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A Reflection On The Imposter Syndrome

I think a certain amount of insecurity is part of any person’s professional trajectory. I myself have phases where I feel like the most creative and capable professional in the world, and others where I wonder if I’m just a person who’s been very lucky in life.

It’s the famous impostor syndrome, when you can’t admit your own achievements without crediting them to some external factor. And I feel that, in times of internet and so many imposters in fact, it’s even easier to beat that insecurity of “do I have the clout for this?”

Can it be 100% safe?

If anyone knows the safety formula, please share it here in the comments. The truth is that everyone has their doses of self-criticism, not always fair, and even the people we most admire go through it.

You know that amazing, successful person in your field that you keep stalking on Instagram? She might do the same thing as you. It is part of the evolution process to question what our weaknesses and even what privileges have made our path a little easier.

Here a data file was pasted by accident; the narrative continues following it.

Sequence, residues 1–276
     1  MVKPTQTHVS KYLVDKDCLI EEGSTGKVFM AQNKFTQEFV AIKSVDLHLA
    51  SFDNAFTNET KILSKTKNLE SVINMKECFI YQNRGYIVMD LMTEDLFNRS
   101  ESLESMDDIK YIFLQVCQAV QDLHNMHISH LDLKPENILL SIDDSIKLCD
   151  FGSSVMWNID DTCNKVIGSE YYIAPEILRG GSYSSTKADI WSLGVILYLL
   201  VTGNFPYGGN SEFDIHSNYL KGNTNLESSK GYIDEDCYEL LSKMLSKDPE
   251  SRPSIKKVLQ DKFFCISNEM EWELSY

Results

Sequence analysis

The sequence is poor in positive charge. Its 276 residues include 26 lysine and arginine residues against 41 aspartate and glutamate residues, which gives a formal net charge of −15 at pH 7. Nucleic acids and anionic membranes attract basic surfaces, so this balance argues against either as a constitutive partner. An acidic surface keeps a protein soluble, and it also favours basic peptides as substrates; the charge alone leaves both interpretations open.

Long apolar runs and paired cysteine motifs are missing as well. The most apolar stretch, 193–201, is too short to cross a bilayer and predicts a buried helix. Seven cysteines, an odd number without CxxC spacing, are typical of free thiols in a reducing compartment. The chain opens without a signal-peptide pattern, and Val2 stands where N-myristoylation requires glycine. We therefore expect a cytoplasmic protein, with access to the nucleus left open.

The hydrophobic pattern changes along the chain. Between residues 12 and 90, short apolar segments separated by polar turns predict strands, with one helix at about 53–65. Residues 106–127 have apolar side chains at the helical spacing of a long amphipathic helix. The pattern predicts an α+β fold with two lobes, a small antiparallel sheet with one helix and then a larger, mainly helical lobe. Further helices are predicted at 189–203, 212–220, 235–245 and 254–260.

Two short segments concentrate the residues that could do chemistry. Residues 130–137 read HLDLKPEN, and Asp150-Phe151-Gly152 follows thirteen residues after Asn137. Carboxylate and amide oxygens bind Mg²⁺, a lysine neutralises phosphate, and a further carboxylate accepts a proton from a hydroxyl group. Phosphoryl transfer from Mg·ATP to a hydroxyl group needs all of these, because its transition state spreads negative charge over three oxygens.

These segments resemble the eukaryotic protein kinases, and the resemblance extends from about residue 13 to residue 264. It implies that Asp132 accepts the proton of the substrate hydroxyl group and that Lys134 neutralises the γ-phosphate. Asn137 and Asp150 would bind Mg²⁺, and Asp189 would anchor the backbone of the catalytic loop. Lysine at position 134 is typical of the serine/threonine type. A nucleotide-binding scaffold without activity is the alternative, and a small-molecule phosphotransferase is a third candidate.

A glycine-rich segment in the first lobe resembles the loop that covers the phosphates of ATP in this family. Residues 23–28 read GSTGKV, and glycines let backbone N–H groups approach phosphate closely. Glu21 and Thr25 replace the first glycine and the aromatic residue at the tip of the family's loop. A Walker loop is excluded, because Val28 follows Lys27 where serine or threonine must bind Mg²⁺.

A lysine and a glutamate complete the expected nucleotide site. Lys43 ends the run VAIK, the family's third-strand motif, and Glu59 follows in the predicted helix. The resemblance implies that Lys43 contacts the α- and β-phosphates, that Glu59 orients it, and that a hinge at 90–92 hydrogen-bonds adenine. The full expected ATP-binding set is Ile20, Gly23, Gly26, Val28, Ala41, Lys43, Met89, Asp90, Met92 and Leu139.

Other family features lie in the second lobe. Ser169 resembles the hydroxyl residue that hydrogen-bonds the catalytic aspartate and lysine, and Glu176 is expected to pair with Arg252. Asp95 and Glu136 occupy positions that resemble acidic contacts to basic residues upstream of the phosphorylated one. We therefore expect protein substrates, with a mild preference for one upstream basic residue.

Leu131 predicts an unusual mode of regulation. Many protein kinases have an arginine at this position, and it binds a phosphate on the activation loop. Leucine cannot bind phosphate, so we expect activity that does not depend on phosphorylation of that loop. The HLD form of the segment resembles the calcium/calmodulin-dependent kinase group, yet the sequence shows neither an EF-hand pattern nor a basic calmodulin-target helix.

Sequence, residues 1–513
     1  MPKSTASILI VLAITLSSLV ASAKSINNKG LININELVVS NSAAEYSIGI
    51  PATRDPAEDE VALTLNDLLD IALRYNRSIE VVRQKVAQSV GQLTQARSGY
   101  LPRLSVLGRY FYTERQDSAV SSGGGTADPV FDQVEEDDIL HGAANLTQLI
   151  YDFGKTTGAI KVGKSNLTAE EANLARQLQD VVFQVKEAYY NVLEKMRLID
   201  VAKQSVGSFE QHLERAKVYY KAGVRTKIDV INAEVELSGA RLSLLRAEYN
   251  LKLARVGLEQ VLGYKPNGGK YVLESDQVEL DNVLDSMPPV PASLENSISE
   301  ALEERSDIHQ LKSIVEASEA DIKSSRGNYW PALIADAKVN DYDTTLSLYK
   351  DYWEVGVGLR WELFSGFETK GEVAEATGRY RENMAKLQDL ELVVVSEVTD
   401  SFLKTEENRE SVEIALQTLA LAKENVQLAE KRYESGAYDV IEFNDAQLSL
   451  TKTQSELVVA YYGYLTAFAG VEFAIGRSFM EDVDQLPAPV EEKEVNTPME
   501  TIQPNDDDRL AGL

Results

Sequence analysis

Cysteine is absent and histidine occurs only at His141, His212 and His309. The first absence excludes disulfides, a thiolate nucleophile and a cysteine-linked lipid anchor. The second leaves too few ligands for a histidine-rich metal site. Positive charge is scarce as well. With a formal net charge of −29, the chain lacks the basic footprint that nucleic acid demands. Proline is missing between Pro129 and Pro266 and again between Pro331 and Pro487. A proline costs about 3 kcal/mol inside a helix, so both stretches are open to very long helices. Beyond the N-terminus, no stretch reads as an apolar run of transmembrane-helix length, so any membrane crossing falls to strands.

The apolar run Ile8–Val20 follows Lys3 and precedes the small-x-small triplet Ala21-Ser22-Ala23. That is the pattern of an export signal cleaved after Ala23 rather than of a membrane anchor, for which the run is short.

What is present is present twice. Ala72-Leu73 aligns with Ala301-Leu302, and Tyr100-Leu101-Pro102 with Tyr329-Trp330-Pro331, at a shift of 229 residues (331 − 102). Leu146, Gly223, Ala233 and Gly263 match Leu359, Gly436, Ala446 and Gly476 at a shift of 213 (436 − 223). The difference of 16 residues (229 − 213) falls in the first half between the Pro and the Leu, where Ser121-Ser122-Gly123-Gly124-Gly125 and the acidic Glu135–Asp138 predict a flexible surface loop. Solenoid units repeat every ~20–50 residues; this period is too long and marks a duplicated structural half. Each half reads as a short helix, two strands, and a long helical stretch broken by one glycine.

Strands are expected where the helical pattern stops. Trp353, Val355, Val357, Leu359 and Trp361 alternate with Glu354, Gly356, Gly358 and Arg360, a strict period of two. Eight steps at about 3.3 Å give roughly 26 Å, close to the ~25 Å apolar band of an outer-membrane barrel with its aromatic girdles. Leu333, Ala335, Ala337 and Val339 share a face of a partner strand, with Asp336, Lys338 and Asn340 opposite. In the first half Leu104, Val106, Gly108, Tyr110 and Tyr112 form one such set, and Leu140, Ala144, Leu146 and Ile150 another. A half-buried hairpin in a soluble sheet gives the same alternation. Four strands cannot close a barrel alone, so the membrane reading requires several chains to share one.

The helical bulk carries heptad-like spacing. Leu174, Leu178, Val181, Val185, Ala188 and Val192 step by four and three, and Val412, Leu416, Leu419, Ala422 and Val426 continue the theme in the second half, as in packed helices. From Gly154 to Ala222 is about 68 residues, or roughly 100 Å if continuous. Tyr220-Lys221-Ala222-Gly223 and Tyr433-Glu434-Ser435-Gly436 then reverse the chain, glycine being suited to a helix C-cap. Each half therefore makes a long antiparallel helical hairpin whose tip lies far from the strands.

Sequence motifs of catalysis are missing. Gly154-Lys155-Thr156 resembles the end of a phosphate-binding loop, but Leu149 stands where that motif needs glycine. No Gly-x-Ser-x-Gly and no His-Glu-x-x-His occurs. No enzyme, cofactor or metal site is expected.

Recognizing certain privileges is not giving in to the Imposter Syndrome, because opportunities alone do not make a miracle – it is necessary to make them happen. But it’s important to be aware of the moments in which life gave us a helping hand, not to mention alienating speeches out there.

Who knows, being aware of your privileges, you might not act more actively to open for other people the same doors that were opened for you?

Impacting other people’s lives is the best way to deal with Imposter Syndrome

And this is where, in my opinion, is one of the best solutions for the Imposter Syndrome. When you realize that you’ve had a positive impact on someone else’s life or career path, it’s hard to question your abilities.

And this is not even a “be a good Samaritan, help others” speech. Of course it’s nice to help, but I fully believe that the benefits for those who helped are equally enormous. In the professional environment, having a collaborative attitude wins allies. On the internet, sharing knowledge builds authority, which is very valuable.

And that’s not counting the unparalleled sense of purpose you feel when you see that you’ve had a positive impact on someone’s life. It could be using your influence to employ a friend, but it could also be something much simpler – like answering questions in English, sharing your resolution to a common problem, or teaching an email template that will make all the difference.

The Imposter Syndrome exists because, deep down, there are several little external factors that can help us. But if you become one of those factors for other people, the word “imposer” goes out of the equation. It becomes a cycle of collaboration and professional growth. Isn’t that much better?